Hoboken’s Western Edge Redevelopment Plan heading to court over affordable housing units


A new lawsuit is challenging the City of Hoboken’s approval of the Western Edge Redevelopment back in April, claiming the new plan violates state and city affordable housing requirements.

A Jefferson Street building that is a key piece of the Western Edge Redevelopment Plan. Photo via Google Maps.

By Corey McDonald/Hudson County View

The suit, filed in Hudson County Superior Court on June 1st, by the Fair Share Housing Center, Inc.

In the court filing, they describe themselves as “a non-profit organization … dedicated to the development of affordable housing in New Jersey.”

They alleged that the city willfully pushed ahead with amendments to the development, despite the fact that these amendments would not provide the required 10 percent of affordable housing for the project.

“The recent changes approved to the redevelopment plan trade away affordable housing for a pool. That violates New Jersey law,” said Anthony Campisi, a spokesman for the group.

” … We’re asking the Hudson County Superior Court to strike down the latest changes to the plan. Hoboken, a city where nearly 30 percent of residents spend unsustainable amounts of money on housing, shouldn’t be trading affordable housing for public pools: particularly in the midst of a pandemic that has sparked a deep recession.”

The lawsuit names the city, the city’s planning board, and the developer – Just Block 112, LLC – as defendants.

Recent amendments to the Western Edge Redevelopment plan includes a 15- to 20-story hotel and a 13- to 18-story residential building.

The project had been in the works since 2015, but the recent additions prompted some council members at the time to raise concerns.

Councilman-at-Large Jim Doyle, the council’s designee on the planning board, expressed concern at the April 15th council meeting that the 10 percent affordable housing component could be compromised in the future.

“This consistency review took up a good portion of two full planning board meetings and the issue that was very troubling … Our planner said public benefits don’t have to be limited to affordable housing,” as HCV first reported.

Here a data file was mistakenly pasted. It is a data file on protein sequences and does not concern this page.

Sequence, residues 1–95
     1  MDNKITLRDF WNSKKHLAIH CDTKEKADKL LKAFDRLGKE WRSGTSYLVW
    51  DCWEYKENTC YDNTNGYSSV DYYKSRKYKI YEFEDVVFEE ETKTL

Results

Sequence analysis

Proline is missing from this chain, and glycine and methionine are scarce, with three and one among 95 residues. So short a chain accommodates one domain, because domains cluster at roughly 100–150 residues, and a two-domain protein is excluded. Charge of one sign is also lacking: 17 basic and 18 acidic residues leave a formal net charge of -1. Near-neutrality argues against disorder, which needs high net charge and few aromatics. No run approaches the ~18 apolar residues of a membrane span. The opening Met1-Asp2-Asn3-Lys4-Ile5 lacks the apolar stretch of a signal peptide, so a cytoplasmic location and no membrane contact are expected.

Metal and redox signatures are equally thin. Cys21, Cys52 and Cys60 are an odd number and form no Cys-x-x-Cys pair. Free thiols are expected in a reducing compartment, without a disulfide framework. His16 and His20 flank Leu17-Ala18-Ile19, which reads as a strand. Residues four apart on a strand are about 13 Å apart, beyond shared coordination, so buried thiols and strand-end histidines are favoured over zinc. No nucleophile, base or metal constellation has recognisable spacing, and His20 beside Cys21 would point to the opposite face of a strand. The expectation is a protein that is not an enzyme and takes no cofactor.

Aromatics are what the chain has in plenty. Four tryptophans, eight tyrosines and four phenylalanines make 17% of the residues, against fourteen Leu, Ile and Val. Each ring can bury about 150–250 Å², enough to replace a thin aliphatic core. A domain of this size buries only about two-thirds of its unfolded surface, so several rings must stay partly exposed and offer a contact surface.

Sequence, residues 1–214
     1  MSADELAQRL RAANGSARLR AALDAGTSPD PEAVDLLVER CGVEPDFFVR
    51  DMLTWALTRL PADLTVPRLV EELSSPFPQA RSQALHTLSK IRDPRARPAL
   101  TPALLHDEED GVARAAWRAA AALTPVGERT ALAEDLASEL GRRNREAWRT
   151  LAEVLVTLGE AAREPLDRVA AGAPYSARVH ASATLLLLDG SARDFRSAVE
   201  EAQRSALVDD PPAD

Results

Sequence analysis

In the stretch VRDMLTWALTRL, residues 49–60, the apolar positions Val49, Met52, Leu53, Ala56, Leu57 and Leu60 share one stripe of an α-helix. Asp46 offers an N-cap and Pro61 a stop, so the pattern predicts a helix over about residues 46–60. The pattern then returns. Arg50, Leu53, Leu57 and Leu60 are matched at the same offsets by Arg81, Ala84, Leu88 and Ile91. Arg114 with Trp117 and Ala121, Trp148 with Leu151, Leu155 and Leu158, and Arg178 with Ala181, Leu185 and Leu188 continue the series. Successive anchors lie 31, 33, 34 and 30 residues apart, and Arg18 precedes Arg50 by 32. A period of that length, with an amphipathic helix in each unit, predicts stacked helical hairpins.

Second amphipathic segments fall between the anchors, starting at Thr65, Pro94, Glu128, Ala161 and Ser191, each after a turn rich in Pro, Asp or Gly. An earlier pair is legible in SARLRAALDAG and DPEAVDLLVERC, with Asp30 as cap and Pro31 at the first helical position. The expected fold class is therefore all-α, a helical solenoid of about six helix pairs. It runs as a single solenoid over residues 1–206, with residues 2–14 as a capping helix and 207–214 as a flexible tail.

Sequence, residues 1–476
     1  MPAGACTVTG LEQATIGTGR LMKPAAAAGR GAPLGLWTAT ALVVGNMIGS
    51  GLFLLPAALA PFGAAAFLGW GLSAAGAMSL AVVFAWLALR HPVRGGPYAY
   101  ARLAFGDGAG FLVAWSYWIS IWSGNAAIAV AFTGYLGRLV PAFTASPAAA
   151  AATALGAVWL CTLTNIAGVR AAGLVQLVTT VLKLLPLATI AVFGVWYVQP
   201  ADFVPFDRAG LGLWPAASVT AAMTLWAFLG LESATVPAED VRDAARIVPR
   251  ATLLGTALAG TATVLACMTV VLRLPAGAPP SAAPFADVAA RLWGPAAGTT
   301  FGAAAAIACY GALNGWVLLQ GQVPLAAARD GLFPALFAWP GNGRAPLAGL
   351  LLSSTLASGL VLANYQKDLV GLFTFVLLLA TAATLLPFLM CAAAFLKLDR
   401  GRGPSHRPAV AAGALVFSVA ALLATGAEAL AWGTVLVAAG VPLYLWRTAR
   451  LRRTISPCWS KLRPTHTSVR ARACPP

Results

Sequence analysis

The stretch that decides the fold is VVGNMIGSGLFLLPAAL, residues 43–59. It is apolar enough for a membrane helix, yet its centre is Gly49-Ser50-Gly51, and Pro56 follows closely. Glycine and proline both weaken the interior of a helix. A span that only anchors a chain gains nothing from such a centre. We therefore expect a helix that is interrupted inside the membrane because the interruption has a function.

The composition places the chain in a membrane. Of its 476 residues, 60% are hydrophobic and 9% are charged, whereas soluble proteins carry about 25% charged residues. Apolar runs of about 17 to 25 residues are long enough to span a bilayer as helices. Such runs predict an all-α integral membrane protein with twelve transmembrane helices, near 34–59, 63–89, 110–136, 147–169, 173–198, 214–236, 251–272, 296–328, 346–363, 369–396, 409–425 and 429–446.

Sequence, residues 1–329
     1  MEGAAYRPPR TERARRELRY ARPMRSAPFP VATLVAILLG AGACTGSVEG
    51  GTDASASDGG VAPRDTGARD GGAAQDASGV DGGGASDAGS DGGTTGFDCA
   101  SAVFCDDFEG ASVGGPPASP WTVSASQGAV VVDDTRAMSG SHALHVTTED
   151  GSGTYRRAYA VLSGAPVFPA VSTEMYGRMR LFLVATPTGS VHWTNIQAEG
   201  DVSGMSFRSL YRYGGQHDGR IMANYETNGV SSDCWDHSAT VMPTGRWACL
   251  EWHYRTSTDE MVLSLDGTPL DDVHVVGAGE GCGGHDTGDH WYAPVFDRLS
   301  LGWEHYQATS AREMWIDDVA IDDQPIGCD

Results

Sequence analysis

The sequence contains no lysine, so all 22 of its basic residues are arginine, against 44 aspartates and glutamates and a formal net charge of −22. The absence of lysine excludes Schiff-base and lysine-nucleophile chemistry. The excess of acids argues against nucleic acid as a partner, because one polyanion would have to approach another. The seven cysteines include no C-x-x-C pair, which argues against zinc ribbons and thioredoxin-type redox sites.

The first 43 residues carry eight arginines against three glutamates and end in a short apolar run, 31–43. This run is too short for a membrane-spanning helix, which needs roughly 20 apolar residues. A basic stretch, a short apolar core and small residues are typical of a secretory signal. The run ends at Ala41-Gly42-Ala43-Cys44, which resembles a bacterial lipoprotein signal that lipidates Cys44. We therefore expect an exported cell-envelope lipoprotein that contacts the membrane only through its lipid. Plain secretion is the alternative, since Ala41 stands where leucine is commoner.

Meanwhile, 2nd Ward Councilwoman Tiffanie Fisher stated that the city was “upsizing a plan” and the City was “putting out a plan while no one is watching,” the lawsuit highlights.

The amendments essentially allow for the developer to build an additional 150 residential units, and a large hotel, “while requiring no affordable housing set-aside in the 150 additional units,” the complaint alleges.

Additionally, the court filing claims the “city’s planning board’s professionals did not analyze
whether allowing for 150 additional residential units and a five-story taller, larger hotel and no affordable housing set-aside on the additional units was consistent with the Master Plan.”

Several council members voted in favor of tabling the ordinance approving the amendments at the time: Fisher’s motion to table was supported by Council members Vanessa Falco, Mike DeFusco and Mike Russo.

However the measure failed 5-4, with Council members Doyle, Jabbour, Cohen and Ramos voting no.

Ultimately, the first reading of the ordinance was approved 7-2, with Fisher and Doyle voting no.

The project appeared to initially draw the ire of Mayor Steven Fulop, and to a lesser extent state Senator Brian Stack (D-33, whose legislative district includes Hoboken), but they both decided against a public battle over the large-scale development.


Follow Corey McDonald on Twitter @cwmcdonald_

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  1. People are always wanting a sweet deal for themselves at other peoples expense and politicians like giving away other peoples money to stay in power.

  2. Tiffany Fisher should learn from Zimmer Administration’s early botching of the Monarch application. Shut Up Tiffany, you talk out of order way too much.